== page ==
State of Oregon via AP file
This undated image made available by the State of Oregon on March 18, 2010 shows Timur Dykes. In April 2010, a jury decided the Boy Scouts were negligent for allowing Dykes, a former assistant scoutmaster, to associate with Scouts after he admitted to a Scouts official in 1983 that he had molested 17 boys, according to court records.
As the Boy Scouts of America prepares for the court-ordered release of records detailing accusations of sex abuse by members and leaders, the organization acknowledged in an open letter this week that its response in some of the cases had been “plainly insufficient, inappropriate, or wrong.”
The letter comes after the Oregon Supreme Court ordered the Boy Scouts to release “ineligible volunteer” files from 1965 to 1985 that chronicle suspected or confirmed instances of child sex abuse. Media organizations had sued for the release of the files, part of a 2010 case in which a jury decided that the Scouts were negligent for allowing a former assistant scoutmaster to associate with the organization's youth after he admitted molesting 17 boys in 1983, court records show, according to The Associated Press.
Some 829 of the files from that time period (Jan. 1, 1965 to June 30, 1984) involve suspicions or confirmations of inappropriate sexual behavior with 1,622 youth, according to a report by Dr. Janet Warren, a professor of psychiatry and neurobehavioral sciences at the University of Virginia, for the Boy Scouts. The report, released Tuesday, was completed in 2011.
“Dr. Warren’s report shows that, as part of our broader Youth Protection program, the BSA’s system of ineligible volunteer files functions to help protect Scouts,” Wayne Perry, national president, Tico Perez, national commissioner, and Wayne Brock, chief Scout executive, said Tuesday in an open letter to the Scouting community. “However, we also know that in some instances we failed to defend Scouts from those who would do them harm. There have been instances where people misused their positions in Scouting to abuse children, and in certain cases, our response to these incidents and our efforts to protect youth were plainly insufficient, inappropriate, or wrong.
“For any episode of abuse, and in any instance where those involved in Scouting failed to protect, or worse, inflicted harm on children, we extend our deepest apologies and sympathies to victims and their families,” according to the letter. “While we believe the files are an inconclusive record, the BSA will undertake a similar review and analysis of the IV (ineligible volunteer) files created from 1965 to present and ensure that all good-faith suspicion of abuse has been reported to law enforcement.”
The developments were first reported by the Los Angeles Times, which noted that Warren’s team was paid $75,000 to complete the study.
Warren’s findings included:
-- The total number of alleged youth victims identified in the files was 1,622. Of these, 1,302 were involved in Scouting, for 112 it was unclear, and for 208, they were not involved in Scouting.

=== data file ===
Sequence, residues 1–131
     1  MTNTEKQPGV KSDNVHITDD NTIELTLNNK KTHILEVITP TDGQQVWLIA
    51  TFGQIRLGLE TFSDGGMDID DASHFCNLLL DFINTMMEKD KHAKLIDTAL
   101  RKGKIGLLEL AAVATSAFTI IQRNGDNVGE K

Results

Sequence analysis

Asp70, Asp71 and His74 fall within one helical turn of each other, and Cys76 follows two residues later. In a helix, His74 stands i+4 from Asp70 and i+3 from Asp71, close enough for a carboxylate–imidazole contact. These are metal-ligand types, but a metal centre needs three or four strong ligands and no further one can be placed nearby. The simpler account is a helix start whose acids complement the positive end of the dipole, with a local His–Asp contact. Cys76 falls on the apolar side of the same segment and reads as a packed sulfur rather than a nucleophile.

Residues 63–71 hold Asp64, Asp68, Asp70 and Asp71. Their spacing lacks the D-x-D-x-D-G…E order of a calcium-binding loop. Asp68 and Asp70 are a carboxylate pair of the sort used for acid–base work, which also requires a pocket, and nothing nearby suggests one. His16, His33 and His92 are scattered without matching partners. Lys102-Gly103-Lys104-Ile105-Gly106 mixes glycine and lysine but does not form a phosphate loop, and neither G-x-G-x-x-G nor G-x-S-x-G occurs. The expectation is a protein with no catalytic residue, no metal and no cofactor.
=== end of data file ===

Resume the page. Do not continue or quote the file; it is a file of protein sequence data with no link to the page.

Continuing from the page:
-- 486 of the men identified in the files as suspects were arrested at some time for a sex crime. It may have occurred before they got involved with Scouting, as a result of the incident noted in their file or after they left the organization.
-- In 531 of the cases, there was information indicating alleged inappropriate sexual behavior with multiple youths.
-- In 252 of the cases, the available information indicated alleged inappropriate sexual behavior with only a single victim.
-- 128 of the men in the files had their registration revoked within a year of signing up.
-- Police were involved in the investigation of 523 cases.
-- Six men placed on probation offended against a Scout during their probationary period, while two men were accused of inappropriate sexual behavior with a youth after their probationary period had ended.
-- After being denied registration by the BSA, 175 men were identified as having sought to re-register with the organization, in some cases under a different name at another location many years after their initial entry into the files. They were denied entry into the Boy Scouts.
“My review of these files indicates that the reported rate of sexual abuse in Scouting has been very low,” Warren wrote in a summary of her report, in which she also said the “files broadly refute the notion that these were ‘secret files’ of hidden abuse.”
“I believe that these files show that children in Scouting were safer and less likely to experience inappropriate sexual behavior in Scouting than in their own families, schools and during other community activities supervised by adults,” she wrote.
But an attorney who has filed several suits for former Scouts said Warren’s review didn’t take into account abuse cases that weren’t in the files.
"Personally I have represented more than a hundred men abused by Scout leaders whose names were never entered in the ... files -- even after BSA paid out substantial settlements on account of these abusers," Timothy Kosnoff, a Seattle attorney, told the Los Angeles Times. "The files are only the tip of the iceberg. Most perpetrators never get caught."
The Boy Scouts said they expect the files from the Oregon case to be released soon. They said that, beginning in 2010, the organization mandated that all suspicions of abuse be reported to law enforcement authorities and that they have always required members to follow local laws on reporting of abuse.
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